• Make sure when your wallet is set up that you enable Polygon on it, because it will default to Ethereum.

Be careful about setting it up and keep track of all the things it asks you to keep track of.

  • Send your new NFT to your new wallet.
  • Once you buy your NFT, copy your wallet address, then go search for it on OpenSea. Like before, you'll see that OpenSea can see which NFTs you have. Same reason.

😈 4. Risk on

Illustration of a man tightrope walking on an upward trending line.
Illustration: Aïda Amer/Axios

7️⃣ Degen. Now, trade some of your BTC or ETH for an altcoin. Two that are widely available and well suited to our purposes are ATOM, for the Cosmos blockchain, or SOL, for Solana (this choice is much less meaningful than ETH v. BTC).

  • Swap $40 of your remaining BTC or ETH for one or the other. (You're a trader now!)
  • Create yet another wallet for whichever blockchain you picked. Keplr is good for Cosmos. Phantom works for Solana. Follow the steps just as carefully as before.
  • Send all $40 of ATOM or SOL to your new wallet.

8️⃣ Get stablecoins. This will be the weirdest part. You've heard about stablecoins, right? Buy some now on a decentralized exchange (DEX). Open up a DEX and swap some coins. Use Osmosis for Cosmos and Raydium for Solana.

  • On Solana you can buy USDC (use the "Swap" page). On Osmosis you can buy TerraUSD (use "Trade"). Either way, trade half your assets into a stablecoin, so you should come out with about $20 in stablecoins and $20 in your original coin (you'll pay some fees for the trade, but it should be pennies).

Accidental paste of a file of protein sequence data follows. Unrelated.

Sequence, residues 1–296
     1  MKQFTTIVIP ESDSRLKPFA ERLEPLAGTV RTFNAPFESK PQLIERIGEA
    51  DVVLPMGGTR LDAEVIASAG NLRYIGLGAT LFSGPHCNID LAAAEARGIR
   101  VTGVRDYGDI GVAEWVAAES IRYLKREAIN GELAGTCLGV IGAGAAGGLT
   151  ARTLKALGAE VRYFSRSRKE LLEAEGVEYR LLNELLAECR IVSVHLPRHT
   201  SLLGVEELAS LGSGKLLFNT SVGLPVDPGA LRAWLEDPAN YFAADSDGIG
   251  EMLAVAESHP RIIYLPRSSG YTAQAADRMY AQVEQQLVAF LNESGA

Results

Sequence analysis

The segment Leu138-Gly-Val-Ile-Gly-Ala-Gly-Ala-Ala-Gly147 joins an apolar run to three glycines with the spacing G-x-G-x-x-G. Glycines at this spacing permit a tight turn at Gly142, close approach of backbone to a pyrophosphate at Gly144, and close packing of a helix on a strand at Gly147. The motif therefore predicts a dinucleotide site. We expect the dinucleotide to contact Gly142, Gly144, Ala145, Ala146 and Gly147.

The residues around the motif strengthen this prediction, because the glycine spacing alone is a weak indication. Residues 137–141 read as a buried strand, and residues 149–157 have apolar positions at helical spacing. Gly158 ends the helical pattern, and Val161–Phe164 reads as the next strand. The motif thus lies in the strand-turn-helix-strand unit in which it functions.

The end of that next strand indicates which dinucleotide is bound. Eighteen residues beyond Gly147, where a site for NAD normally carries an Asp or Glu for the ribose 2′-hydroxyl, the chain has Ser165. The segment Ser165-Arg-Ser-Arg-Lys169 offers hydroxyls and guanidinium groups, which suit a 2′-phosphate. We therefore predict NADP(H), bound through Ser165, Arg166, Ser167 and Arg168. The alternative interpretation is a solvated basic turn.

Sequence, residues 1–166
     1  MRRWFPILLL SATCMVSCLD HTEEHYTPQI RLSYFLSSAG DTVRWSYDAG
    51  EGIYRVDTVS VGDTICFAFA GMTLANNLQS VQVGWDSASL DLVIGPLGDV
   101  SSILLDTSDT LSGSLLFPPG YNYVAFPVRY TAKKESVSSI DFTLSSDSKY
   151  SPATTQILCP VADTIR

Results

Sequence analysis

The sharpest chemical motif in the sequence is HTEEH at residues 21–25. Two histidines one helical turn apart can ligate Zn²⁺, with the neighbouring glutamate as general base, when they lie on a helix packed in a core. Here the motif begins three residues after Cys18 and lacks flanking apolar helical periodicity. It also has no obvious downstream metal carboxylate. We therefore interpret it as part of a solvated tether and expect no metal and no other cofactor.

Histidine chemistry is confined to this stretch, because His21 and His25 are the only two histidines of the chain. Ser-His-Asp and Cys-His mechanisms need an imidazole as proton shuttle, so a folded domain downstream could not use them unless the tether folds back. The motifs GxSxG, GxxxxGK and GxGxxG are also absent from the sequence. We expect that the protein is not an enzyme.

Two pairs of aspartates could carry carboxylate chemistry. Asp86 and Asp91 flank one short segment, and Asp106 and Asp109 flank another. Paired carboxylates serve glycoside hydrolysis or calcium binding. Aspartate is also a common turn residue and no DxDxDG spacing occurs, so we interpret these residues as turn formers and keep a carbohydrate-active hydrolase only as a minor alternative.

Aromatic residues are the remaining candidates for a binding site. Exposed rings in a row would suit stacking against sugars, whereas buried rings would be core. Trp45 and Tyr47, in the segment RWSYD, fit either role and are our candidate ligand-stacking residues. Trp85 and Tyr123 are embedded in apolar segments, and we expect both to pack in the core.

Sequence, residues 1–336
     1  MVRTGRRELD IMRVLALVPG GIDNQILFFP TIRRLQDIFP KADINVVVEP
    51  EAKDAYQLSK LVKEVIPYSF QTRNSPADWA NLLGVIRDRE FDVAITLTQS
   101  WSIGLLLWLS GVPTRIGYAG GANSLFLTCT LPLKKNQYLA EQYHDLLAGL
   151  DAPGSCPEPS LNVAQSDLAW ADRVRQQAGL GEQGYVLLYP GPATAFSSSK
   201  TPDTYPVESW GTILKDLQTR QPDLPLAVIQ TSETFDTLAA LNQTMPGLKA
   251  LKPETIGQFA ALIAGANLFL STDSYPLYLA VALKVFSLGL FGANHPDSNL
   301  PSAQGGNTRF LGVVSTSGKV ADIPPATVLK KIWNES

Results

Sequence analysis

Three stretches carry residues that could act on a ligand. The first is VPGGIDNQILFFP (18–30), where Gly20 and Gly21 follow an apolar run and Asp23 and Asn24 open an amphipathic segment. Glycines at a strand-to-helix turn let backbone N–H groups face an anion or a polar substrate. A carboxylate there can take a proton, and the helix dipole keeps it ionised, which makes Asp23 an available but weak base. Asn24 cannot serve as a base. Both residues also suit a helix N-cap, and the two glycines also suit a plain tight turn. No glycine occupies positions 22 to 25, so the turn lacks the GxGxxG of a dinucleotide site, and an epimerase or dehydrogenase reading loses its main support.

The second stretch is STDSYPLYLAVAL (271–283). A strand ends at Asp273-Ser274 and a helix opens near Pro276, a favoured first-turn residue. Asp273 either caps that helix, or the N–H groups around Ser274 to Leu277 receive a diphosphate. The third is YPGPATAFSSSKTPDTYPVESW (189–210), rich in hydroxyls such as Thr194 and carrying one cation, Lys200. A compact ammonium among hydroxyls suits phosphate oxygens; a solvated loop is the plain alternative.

• Now you've made a trade on a decentralized exchange and a centralized one.
  • What's the difference? The decentralized exchange was “non-custodial,” meaning that your ATOM or SOL were always in your possession until the moment you swapped them, like a baseball card, for your stablecoins.

🏁 5. You did it!

Illustration of the Axios logo on a disco ball.
Illustration: Maura Losch/Axios

9️⃣ HODL an alt. Now you have $20 of a coin that has much less of a track record than ETH or BTC. Sit on it, too.

  • Make a note about how to find it again with a reminder to look in three years. Resolve now not to sell these tokens till then. Forget about them! But then look later.
  • What will happen? I have no clue.

🔟 Enjoy the ride.

  • What's next? That's it. You have begun. 🎢

If you managed all this, you understand web3 much better now than you were ever going to by reading even the most open-minded explainer in the New York Times.

Welcome to the blockchains.

Honestly, if you just make it to the part where you withdraw some crypto to a standalone wallet, you did great. Let me know how it went: [email protected]. Back to the normal newsletter tomorrow. —Brady